Richard Spencer: White Supremacists Threaten Jewish Residents Of Alt-Right Leader’s Hometown

Richard Spencer, the leader of the alt-right movement in the United States, is no stranger to controversy. As president of the National Policy Institute, a white nationalist think tank headquartered in Arlington, Virginia, Spencer has been accused of being a white supremacist and his group has been declared a hate group by the Southern Poverty Law Center. Spencer rejects those labels, but at least one group of white supremacists is coming to Spencer’s defense in a controversy that has been brewing in Spencer’s hometown of Whitefish, Montana, revolving around Spencer’s parents and a local community group in Whitefish called Love Lives Here.

Whitefish, Montana, hometown of alt-right leader Richard Spencer. By Royalbroil (Own work) [CC BY-SA 3.0], via Wikimedia Commons

According to Daily Inter Lake, Richard Spencer’s parents, Sherry and Rand Spencer, own a commercial building in Whitefish’s historic Railway district that rents to local retailers and features vacation rentals on its upper floors. In the past few weeks, Sherry Spencer claims she’s been receiving threats of protests which would disrupt the businesses that rent space in her building. A local realtor named Tanya Gersh said she contacted Sherry Spencer in hopes to mediate and prevent the protests and as a result, Spencer said she was going to sell the building. Gersh posted a message stating this on her Facebook page. This was followed by a post by Sherry Spencer on Medium entitled “Does Love Really Live Here?” in which Spencer alleges bullying verging on extortion by Gersh and the Love Lives Here group which she describes in rather pointed words.

“Gersh followed up on her conditions in a number of emails which I’ve just made public. She even shamelessly suggested that she act as my realtor! In other words, she and the local ‘human rights’ organizations appeared to seek financial benefit from threats of protests and reputation damage. The same day Gersh first contacted me, I received a sales offer, even though I had not expressed any intention to sell, nor had anything been publicized.”

“One renter reported to me that Gersh threatened her business with boycotts unless she moved. This renter also alleged that Gersh called her ‘collateral damage.’ As the manager of the property, I employ a number of local maids and other maintenance personnel, who would lose their jobs if I were to sell. More ‘collateral damage,’ I guess.”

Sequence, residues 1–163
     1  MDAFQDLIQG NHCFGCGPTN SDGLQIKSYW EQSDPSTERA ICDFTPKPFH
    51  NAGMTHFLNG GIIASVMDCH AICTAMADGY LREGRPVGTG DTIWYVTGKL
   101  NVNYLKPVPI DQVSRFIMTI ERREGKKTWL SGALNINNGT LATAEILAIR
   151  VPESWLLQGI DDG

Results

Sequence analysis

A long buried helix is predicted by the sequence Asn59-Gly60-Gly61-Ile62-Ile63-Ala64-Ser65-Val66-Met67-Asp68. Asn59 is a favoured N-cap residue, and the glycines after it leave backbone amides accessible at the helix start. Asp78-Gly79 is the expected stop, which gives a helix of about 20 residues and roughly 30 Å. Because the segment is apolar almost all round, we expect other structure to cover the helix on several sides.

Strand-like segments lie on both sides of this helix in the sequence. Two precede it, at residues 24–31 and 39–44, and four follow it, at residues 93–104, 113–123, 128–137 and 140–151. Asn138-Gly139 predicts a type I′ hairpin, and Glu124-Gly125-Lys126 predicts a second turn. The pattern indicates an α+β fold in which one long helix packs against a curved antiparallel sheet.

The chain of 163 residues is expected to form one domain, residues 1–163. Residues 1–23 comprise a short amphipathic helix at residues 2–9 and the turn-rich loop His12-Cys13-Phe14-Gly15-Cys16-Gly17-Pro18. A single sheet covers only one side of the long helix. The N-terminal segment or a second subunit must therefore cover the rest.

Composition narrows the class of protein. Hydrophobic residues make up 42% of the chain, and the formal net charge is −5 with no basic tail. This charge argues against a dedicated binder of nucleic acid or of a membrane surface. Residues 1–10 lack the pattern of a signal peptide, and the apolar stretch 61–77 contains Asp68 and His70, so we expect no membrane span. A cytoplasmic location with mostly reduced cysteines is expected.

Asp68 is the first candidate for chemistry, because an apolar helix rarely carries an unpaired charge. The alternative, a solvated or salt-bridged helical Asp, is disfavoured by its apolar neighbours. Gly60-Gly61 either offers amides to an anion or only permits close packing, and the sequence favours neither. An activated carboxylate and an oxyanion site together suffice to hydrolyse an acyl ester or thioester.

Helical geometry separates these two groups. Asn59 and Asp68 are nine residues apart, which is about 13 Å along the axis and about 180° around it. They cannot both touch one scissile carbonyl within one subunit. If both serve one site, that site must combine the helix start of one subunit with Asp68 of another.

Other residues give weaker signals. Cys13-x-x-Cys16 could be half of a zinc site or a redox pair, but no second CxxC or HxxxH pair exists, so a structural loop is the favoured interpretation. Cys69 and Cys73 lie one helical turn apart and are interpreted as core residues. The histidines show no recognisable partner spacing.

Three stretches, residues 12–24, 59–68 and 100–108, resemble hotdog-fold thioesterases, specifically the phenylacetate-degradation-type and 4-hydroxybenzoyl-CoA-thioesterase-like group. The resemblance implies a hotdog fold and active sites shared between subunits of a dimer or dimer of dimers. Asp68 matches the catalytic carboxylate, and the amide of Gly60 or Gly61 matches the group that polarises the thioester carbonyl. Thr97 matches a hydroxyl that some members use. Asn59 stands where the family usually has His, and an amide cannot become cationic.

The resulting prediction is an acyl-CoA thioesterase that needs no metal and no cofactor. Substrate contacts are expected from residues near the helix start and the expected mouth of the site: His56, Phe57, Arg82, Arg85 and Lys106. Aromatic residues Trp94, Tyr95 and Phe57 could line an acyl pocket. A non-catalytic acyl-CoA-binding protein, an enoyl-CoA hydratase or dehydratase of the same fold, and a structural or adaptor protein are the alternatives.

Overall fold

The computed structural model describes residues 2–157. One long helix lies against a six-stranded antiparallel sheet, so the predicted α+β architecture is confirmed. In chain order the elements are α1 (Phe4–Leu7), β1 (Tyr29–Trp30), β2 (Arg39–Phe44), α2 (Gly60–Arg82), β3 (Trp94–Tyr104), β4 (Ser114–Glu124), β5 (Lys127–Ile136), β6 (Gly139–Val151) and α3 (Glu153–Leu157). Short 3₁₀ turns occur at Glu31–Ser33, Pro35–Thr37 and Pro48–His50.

The post made waves around the alt-right internet after Richard Spencer posted a link to it on his Twitter feed, calling it a “heartbreaking testimony,” according to Daily Inter Lake, and characterizing the ordeal as a shakedown.

Richard Spencer alt-right leader

The predictable fallout from all of this has arrived in the form of a white supremacist website called The Daily Stormer, urging its readers to “take action” against Jewish residents of Whitefish who it lists by name and address and labels as guilty of harming the business of Richard Spencer’s mother, according to The Hill.

“The Daily Stormer retaliated by posting personal information of Jewish residents of the town, calling them ‘sluts’ and ‘super-Jews.’ The list includes photos of people with Stars of David photoshopped on to their clothes.”

Isaac Newton’s third law of physics states that for every action there is an equal and opposite reaction. In a less obvious sense, the same can be applied to society. The problem is that reactions can not be as easily quantified in social interactions as they can in the realm of pure physics. Regardless of one’s opinion of Richard Spencer or his alt-right movement, someone’s family should never be targeted by a campaign of bullying and intimidation for the things a member of their family has said. There are better ways to challenge bad ideas. Similarly, it is completely disgusting that in 2016 a group of white supremacists is making thinly veiled enticements to violence on its website, regardless of how contemptible they find the methods of protest of those they are targeting. When these extremes of thought and behavior converge, we are skating on very thin ice as a society.

[Featured Image by David J. Phillip/AP Images]